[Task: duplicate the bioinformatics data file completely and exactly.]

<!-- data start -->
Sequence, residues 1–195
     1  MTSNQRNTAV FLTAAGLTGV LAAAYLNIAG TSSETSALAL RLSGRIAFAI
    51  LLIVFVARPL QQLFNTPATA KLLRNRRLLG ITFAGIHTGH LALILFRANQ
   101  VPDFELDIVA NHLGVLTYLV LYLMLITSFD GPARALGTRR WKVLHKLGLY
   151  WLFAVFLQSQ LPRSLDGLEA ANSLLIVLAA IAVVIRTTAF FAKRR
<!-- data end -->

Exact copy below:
Sequence, residues 1–195
     1  MTSNQRNTAV FLTAAGLTGV LAAAYLNIAG TSSETSALAL RLSGRIAFAI
    51  LLIVFVARPL QQLFNTPATA KLLRNRRLLG ITFAGIHTGH LALILFRANQ
   101  VPDFELDIVA NHLGVLTYLV LYLMLITSFD GPARALGTRR WKVLHKLGLY
   151  WLFAVFLQSQ LPRSLDGLEA ANSLLIVLAA IAVVIRTTAF FAKRR